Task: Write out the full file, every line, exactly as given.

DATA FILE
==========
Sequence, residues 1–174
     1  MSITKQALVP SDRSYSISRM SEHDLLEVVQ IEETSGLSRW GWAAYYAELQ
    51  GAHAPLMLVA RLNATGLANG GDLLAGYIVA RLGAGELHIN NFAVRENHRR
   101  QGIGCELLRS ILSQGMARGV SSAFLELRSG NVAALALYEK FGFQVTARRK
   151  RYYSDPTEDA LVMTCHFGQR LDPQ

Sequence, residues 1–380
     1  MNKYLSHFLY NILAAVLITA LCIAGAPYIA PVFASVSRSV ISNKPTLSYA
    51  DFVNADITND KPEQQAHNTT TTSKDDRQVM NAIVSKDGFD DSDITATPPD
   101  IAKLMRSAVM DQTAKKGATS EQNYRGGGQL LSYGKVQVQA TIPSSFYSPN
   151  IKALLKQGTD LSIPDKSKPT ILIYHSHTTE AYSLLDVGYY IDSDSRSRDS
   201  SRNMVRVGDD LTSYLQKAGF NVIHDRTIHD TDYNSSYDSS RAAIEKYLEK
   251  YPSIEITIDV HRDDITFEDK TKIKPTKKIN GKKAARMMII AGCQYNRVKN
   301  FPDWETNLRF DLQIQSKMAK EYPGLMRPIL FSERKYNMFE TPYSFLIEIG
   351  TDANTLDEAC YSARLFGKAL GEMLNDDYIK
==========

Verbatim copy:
Sequence, residues 1–174
     1  MSITKQALVP SDRSYSISRM SEHDLLEVVQ IEETSGLSRW GWAAYYAELQ
    51  GAHAPLMLVA RLNATGLANG GDLLAGYIVA RLGAGELHIN NFAVRENHRR
   101  QGIGCELLRS ILSQGMARGV SSAFLELRSG NVAALALYEK FGFQVTARRK
   151  RYYSDPTEDA LVMTCHFGQR LDPQ

Sequence, residues 1–380
     1  MNKYLSHFLY NILAAVLITA LCIAGAPYIA PVFASVSRSV ISNKPTLSYA
    51  DFVNADITND KPEQQAHNTT TTSKDDRQVM NAIVSKDGFD DSDITATPPD
   101  IAKLMRSAVM DQTAKKGATS EQNYRGGGQL LSYGKVQVQA TIPSSFYSPN
   151  IKALLKQGTD LSIPDKSKPT ILIYHSHTTE AYSLLDVGYY IDSDSRSRDS
   201  SRNMVRVGDD LTSYLQKAGF NVIHDRTIHD TDYNSSYDSS RAAIEKYLEK
   251  YPSIEITIDV HRDDITFEDK TKIKPTKKIN GKKAARMMII AGCQYNRVKN
   301  FPDWETNLRF DLQIQSKMAK EYPGLMRPIL FSERKYNMFE TPYSFLIEIG
   351  TDANTLDEAC YSARLFGKAL GEMLNDDYIK